The End of Miss Anita Kloo

“I will have to remember ‘I am here today to cross the swamp, not to fight all the alligators.’”
— From The Art of Possibility by Rosamund and Benjamin Zander

In or around 2012 I started a blog. I called it the 365-Day blog because I planned on posting everyday (I know). I called it, Miss Anita Kloo, What Should I Do?” because at the time I wanted to be an advice columnist. There’s something inherently egotistical about that goal. My motives, or the way I like to think about them, were pure: I have read thousands of self-help books. Some applicable, some not so much. What good were all those wasted hours if not to reach out with the most “pertinent” information to edify others? Ha!

Fear is as feckless yet not as shallow as Cher from Clueless.

If you’re interested in the Zen of stupid yet philosophically interesting pop-culture films, I’m your girl. Take Cher from Clueless. She’s a sex goddess yet strangely virginal. I found out the first year of college that Cher was an Aphrodite defanged by patriarchal culture. You could want to and need to feel her warm, passionate regard. But she was to remain a girl attracted to gay guys and the Reality-Bites version of a knight in shining armor, Paul Rudd. Oh, it made me hot.

I mean, look at the blow-job lips on every woman on the poster. Couldn’t we show her being a little less label-conscious and a little more feminist? Cher seemed to gain her identity from taking care of her workaholic father and channeling her passions to spacey, Miss-Whoever’s charity of the week. In case you didn’t know, these activist-lesbians are seen as channeling their “normal” penis cravings into social justice. WTF people! Please fucking forgive me for writing about this bigotry—I am shining a light on it, not condoning it. The idea that Cher and her sidekick black girl(!!!???) could become agents of patriarchal culture and get this woman married to the dude who kept saying, “Inconceivable” in The Princess Bride is just lame-ass.

And never mind the plastification of Britney Murphy who was absolutely fine the way she showed up, new girl in school, bad accent notwithstanding.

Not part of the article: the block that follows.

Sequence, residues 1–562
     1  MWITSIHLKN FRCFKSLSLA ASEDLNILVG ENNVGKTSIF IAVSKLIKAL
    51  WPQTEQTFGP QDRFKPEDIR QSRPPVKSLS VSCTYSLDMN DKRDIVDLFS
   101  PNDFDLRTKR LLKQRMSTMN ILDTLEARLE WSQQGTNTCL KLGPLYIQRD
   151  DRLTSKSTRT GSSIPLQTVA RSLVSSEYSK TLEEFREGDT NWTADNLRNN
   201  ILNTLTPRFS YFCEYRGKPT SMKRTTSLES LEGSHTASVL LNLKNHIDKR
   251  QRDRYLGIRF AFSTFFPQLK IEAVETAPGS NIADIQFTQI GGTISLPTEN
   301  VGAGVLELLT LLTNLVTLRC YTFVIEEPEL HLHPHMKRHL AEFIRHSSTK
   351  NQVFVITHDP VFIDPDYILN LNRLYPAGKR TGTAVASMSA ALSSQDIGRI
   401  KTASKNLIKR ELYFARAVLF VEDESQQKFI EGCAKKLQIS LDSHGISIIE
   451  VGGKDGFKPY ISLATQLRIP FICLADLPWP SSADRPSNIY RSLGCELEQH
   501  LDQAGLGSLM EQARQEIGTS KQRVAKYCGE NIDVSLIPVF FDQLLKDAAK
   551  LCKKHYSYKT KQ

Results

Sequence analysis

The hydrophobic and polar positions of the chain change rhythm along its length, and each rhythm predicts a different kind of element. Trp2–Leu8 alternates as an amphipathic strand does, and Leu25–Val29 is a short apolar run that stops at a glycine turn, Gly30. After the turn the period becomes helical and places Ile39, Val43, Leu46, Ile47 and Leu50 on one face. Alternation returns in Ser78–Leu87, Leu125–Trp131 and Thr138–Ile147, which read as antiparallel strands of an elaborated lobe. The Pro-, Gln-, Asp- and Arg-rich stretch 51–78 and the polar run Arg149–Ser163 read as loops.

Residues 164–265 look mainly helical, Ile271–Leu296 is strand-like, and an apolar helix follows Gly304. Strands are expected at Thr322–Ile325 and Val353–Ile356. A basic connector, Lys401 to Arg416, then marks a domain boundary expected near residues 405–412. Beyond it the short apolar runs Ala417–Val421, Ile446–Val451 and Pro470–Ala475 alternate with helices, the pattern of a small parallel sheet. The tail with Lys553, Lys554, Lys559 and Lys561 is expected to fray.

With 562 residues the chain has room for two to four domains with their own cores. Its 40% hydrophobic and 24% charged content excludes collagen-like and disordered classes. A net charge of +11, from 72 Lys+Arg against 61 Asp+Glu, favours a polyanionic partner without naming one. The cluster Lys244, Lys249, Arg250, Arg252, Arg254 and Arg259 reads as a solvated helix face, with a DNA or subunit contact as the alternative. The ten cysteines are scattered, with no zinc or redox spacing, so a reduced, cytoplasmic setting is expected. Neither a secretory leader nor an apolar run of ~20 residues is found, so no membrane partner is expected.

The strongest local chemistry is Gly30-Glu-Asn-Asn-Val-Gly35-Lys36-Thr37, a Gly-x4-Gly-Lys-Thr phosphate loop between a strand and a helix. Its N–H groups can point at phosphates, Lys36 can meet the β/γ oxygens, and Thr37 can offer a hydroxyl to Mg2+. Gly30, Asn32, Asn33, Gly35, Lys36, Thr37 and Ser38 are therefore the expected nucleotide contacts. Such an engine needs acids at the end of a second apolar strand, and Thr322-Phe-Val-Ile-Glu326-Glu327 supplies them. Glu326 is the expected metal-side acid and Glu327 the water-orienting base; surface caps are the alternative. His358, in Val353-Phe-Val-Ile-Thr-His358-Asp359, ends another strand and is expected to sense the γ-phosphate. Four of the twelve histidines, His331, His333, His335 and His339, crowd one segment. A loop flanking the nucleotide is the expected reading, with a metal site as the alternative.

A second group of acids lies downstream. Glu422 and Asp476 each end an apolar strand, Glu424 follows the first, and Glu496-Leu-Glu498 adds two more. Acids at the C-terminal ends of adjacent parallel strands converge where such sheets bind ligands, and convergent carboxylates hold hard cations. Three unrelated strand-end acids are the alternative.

Feminism isn’t the right to wear our skirts as short as we want. – Patty Tomsky

Feminism isn’t the right to wear our skirts as short as we want or choosing to go with the safe law student as a BF also BFF. It’s about….it’s ummmmm OH FUCK IT NO MORE!!!

I’ve spent my life under well-meaning judgement. The tribes we lived in as cavewomen needed to create an evil OTHER to keep the kids from wandering over and giving up our secrets–where were we hiding the deep-frozen bison jerky all winter?

I can’t believe that eight years ago I was into telling other people how to live. Let that sink in–telling other people they should read such and that of a book or a podcast and try to incorporate it because my gosh how VALUABLE it was to me.

Such a Betty.

The barrage of should-be-betters had me frozen and drowned, like Ophelia, letting my desires die–for art, for poetry, for a life not lived under the work-chapped knuckles of capitalism. I’d wanted to be free to make my own decisions and create my own path to freedom as a Mom, working woman, artist, writer, creative.

No one left me the space to finally, forever do it, until I was able to get out from under the expectations I spun in my head. To decide for myself that my unseemly need for more, better, now–space and freedom to do my art — was fine.

So, in honor of Ophelia, one of the first anxiety disorder/depressives accurately depicted in literature. In honor of you out there, whoever you are, who needs to learn just exactly what she needs to learn thanks to your own, blessed, individual journey, forever and ever, Alleluia, Amen. No more advice. Just empathetic listening and an open mind and heart.

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